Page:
If we empower Americans to control their own destiny, we can reinvigorate our economy, build a brighter future for our kids and get our country back on track.
I hope you’ll join us.
Thanks for listening. May God bless Alaska – and may God bless America.

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Candidates Clash Over Tesla Deal in California Gubernatorial Debate

Candidates Clash Over Tesla Deal in California Gubernatorial Debate

California Office of Governor(SACRAMENTO, Calif.) — Tensions flared at California gubernatorial debate Thursday as the two candidates discussed electric car maker Tesla’s decision to take its business to Nevada.

The only scheduled debate of this year’s governor’s race fell on the same day Nevada’s Republican Gov. Brian Sandoval announced that California-born Tesla would build its battery factory in the Silver State.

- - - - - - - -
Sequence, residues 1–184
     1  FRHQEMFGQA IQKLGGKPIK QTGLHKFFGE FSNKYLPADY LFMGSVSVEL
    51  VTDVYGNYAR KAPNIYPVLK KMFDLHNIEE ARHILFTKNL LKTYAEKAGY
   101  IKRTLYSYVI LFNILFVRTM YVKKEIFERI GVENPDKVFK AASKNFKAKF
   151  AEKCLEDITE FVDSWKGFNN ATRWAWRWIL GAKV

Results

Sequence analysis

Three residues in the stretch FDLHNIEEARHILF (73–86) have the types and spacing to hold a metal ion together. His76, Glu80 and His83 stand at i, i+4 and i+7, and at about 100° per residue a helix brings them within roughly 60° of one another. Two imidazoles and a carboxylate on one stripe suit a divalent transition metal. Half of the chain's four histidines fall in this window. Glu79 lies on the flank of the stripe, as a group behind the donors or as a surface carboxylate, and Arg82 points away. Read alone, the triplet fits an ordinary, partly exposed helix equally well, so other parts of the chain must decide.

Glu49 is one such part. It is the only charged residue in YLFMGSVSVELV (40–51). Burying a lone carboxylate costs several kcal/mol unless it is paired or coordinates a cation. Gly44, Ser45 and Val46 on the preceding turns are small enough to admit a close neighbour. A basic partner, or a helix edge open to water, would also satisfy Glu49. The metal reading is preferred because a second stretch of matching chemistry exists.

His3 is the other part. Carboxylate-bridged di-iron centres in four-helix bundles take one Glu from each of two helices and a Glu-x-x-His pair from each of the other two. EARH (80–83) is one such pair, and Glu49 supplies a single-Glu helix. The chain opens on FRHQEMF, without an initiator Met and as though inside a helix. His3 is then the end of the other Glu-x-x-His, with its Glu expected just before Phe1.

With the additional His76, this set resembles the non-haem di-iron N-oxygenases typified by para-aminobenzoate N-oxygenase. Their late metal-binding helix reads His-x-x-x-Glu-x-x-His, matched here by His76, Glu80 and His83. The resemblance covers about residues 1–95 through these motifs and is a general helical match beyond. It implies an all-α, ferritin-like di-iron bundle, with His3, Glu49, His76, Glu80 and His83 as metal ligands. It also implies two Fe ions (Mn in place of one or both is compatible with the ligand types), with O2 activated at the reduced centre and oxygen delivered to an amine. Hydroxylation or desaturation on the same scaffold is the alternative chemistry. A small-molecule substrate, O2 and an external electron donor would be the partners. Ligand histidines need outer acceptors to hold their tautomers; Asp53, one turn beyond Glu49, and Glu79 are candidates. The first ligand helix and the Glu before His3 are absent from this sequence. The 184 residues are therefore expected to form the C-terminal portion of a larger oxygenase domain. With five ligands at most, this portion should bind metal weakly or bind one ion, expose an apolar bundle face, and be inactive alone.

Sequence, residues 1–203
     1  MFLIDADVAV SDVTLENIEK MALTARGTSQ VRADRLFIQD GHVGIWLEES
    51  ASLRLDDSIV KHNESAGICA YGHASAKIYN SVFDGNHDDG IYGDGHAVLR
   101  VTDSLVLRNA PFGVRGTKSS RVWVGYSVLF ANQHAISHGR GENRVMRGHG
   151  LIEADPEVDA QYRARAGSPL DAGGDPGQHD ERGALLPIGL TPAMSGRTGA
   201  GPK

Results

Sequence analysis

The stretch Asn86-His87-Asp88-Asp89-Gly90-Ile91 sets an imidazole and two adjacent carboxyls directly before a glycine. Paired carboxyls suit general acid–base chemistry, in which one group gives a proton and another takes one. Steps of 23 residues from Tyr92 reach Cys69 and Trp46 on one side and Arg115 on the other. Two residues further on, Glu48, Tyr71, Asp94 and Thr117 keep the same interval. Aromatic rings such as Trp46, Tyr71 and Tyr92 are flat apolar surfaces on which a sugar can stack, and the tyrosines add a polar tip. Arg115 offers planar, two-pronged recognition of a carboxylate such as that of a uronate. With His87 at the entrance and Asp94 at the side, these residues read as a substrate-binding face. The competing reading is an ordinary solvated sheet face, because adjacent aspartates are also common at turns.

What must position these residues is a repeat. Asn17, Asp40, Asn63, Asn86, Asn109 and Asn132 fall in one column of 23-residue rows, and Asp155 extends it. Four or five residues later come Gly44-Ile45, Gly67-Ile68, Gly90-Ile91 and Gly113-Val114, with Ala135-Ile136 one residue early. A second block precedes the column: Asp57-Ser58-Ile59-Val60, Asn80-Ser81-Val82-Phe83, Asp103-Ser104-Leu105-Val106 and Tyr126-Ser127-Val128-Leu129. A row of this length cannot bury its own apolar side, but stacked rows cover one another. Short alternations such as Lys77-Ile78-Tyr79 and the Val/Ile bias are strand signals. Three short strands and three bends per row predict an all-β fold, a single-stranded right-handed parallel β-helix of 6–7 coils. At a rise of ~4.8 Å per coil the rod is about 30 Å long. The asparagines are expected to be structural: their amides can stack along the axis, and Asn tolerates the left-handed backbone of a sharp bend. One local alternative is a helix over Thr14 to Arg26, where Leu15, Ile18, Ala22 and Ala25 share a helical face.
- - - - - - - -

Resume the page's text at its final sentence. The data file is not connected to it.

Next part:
GOP candidate Neel Kashkari called out incumbent Democratic Gov. Jerry Brown, saying he failed to do enough to land the Tesla plant in a multi-state bid.

“I don’t think Governor Brown did nearly enough on Tesla and any other number of businesses. Governor Brown frequently says, ‘Well businesses come and go,’” Kashkari said. “It’s not businesses coming and going, it’s Tesla, it’s Toyota, it’s Schwab, it’s Nestle, on and on and they’re all going.”

The challenger added that for four years in a row, California ranked 50th out of 50 states for business climate while Brown has been in office.

The governor reponded by claiming that the Golden State is number one when it comes to renewable energy and electric car production.